So the first custard house pub would have been in little bromwich. And i believe little bromwich was given to a lords dughter from castle bromwich. These were all related to the original lord Bermingham from the 1400s. I have been tracing them but they do not show blake lane or hobmoor road as any importance . up until 1850 it was all farms but then the lord of the manor started selling because industrial birmingham was getting close.
colin
 

col h

master brummie
Havent got a clue what the connection might be, but istnt the top of Blake la/ Green La the highest point for miles around ?
 
C

colin walker

Guest
Yep i think it is 200m above sea level Thats why they built the old chest brach there.
 

db84124

Brummophile
I believe you're right, Colin. My father, who knew the Bordesley Green, Small Heath, Little Bromwich area exceptionally well - virtually house-to-house (not, he wasn't a burglary!!) - often said what you have just stated. And from my cycling days, I remember the stretch of Yardley Green Road between the Methodist Church (Blake Lane) and the Samson and Lion (Blakeland Street) was always a relief to reach because it was a gentle roll in any direction you wanted to go from there.
Wealthy people who could afford prime positions for their homes often chose the highest point for its imposing location and commanding view. We already know the old Custard House was a very important landmark simply because it was included on several 19th century maps.
Let's please keep “pooling” all available information as the smallest of clues could jog the memories of other Forum members. We have already got far, far further than previous efforts in cracking this strange name. David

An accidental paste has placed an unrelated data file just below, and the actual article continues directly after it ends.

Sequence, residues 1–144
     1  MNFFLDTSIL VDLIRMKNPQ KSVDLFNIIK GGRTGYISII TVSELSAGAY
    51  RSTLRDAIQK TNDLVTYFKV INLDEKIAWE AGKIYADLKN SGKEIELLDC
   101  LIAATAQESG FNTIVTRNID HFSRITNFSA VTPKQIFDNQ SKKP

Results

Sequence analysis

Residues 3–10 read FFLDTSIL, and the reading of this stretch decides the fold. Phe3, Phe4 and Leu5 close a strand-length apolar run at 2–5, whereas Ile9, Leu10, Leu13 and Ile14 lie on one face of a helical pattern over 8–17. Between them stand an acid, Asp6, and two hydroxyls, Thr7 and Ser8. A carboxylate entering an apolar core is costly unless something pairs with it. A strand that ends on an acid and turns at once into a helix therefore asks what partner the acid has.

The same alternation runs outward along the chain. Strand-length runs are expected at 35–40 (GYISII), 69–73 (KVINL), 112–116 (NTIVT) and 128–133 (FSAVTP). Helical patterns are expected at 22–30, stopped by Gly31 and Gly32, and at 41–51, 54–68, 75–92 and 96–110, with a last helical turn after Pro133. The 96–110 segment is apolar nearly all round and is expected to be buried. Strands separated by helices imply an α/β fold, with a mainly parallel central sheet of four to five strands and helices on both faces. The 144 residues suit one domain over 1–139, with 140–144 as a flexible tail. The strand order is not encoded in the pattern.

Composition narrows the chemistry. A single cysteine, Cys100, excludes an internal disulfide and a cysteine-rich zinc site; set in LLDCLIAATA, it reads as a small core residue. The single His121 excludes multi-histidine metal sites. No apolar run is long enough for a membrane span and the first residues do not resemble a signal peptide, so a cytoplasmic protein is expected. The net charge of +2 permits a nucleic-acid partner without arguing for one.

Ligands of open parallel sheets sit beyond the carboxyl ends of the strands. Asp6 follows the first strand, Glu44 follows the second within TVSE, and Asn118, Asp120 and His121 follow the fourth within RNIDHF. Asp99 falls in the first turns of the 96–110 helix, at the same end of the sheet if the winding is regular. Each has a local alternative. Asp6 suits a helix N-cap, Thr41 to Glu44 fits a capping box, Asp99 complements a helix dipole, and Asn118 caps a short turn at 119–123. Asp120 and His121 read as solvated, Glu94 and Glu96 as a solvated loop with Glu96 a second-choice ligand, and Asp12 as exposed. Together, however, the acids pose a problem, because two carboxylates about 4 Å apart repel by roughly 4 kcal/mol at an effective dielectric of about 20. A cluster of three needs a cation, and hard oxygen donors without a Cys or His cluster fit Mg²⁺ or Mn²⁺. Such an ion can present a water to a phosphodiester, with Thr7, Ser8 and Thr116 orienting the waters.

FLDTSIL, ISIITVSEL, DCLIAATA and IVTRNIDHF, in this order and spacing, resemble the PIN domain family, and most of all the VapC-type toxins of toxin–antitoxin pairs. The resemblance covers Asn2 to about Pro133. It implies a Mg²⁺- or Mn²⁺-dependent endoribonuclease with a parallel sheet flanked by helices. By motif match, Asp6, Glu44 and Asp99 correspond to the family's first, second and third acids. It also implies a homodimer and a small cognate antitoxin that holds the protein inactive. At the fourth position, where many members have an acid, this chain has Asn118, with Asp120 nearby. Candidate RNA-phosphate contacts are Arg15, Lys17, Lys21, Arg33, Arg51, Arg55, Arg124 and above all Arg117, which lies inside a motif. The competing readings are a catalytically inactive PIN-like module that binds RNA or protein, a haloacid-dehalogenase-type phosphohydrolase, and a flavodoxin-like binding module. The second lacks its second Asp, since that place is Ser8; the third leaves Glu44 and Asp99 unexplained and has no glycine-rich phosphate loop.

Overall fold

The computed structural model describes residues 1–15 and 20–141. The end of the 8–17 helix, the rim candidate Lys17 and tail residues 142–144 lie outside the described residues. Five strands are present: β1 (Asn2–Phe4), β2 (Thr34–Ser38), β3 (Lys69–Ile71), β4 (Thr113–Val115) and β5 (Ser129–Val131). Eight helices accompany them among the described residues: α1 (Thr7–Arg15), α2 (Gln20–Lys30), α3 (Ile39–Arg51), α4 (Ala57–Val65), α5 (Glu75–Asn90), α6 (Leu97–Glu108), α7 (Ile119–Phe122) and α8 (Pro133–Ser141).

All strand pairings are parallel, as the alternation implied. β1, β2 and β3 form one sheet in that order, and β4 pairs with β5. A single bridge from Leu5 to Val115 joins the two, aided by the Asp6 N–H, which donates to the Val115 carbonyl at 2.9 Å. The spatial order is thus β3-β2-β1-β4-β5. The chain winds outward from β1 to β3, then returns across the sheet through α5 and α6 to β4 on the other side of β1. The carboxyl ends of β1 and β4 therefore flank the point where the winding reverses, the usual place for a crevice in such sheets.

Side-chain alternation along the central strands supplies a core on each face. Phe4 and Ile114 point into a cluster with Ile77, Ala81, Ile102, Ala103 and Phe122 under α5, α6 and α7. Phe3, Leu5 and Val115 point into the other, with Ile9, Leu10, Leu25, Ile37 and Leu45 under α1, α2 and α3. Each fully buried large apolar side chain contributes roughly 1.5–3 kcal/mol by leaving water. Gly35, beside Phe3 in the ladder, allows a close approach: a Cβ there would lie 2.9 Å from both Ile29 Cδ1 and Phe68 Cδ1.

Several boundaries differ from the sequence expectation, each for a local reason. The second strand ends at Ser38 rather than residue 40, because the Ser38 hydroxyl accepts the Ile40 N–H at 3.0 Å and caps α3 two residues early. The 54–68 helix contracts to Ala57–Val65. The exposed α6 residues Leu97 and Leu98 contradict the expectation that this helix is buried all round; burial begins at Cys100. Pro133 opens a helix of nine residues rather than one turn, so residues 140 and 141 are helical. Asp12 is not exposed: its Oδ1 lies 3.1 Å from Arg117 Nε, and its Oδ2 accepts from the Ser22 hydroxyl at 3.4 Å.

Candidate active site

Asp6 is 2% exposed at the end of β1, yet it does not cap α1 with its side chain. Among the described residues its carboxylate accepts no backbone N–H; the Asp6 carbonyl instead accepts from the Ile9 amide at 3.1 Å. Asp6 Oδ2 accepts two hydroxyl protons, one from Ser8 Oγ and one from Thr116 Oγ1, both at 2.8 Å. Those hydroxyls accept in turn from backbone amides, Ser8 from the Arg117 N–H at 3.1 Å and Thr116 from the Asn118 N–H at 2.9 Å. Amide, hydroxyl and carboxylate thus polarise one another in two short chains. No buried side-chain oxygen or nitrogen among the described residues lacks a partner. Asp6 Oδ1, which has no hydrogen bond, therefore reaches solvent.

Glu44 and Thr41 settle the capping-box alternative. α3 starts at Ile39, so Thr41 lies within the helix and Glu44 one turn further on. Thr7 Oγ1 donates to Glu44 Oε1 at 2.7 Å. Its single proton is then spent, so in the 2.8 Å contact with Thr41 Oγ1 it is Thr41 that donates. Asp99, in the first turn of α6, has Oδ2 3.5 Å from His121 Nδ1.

Leslie

New Member
Thursday was a great night upstairs in the 1980s. The disco was great I made a lot of good friends.:encouragement:
 

deb kiely

proper brummie kid
i have just come across this thread.i have been looking into family history and found a copy of a lease agreement from mary haden spinster to john tonks farmer of a  messuage and land called the custard house farm near a place called the green lanes dated 24th september 1789,the tonks mentioned would be family members.i also found a lease agreement to do with another family member thomas tonks farmer of green lanes who leased part of his land for an addition to yardley church yard dated 24th may 1833.soz if i bore just get carried away.it may be the wrong custard house.Deb
 

db84124

Brummophile
Re: The Custard House, Blake Lane

Hello there, Deb,
I don't think it is a different "Custard House". It's such an unusual name that I think it must be the one on the Bordesley Green/ Small Heath border.
Here's a map of the area in 1890; you can see the Custard House (Custard Ho) at the junction of the four named roads. The present Custard House pub in Blake Lane - not Street, as in the original title to the tread - is entitled "Custard House Tavern".

1890  Birmingham - Warwickshire.jpg

I have also encircled "Green Lane Farm" to illustrate the intense farming carried out in this part of what is now Birmingham until the end of the 19th century.
In the area beneath the writing "Little Bromwich", there are now the three streets called Second, Third, and Fourth Avenue. First Avenue is just off the left-hand side of the map.
"Yardley church yard" would probably refer to Yardley Old Church (St Edburgha's), which is little more than 1½ miles away down the Yardley Green Road.
Thank you for contributing to and, hopefully, bringing to life this fascinating thread.
David
 

Dbgraham51

proper brummie kid
Hi David,
We were there at the same time!, I lived off the Hobmoor Road (Fosbrooke Road) between 1953-1965.
I always used the Custard House and played snooker there 3 times a week, me and my mate Jimmy Cooke used to go out with the gaffers daughters, but sadly he had a heart attack one
Sunday morning and died, we never saw them again.
Small world eh.
Hi, do you recall someone who worked at Bennetts Butcher Shop and often drank at the Custard House?
 

Dbgraham51

proper brummie kid
The Custard House, Blake Lane




That's the one, John. Just 50 yards up the road from where I lived between August 1957 and September 1967.
Hope you're well, David
Are you aware of someone from Bennett’s Butchers that frequented the Custard House formamdrink?
 
Top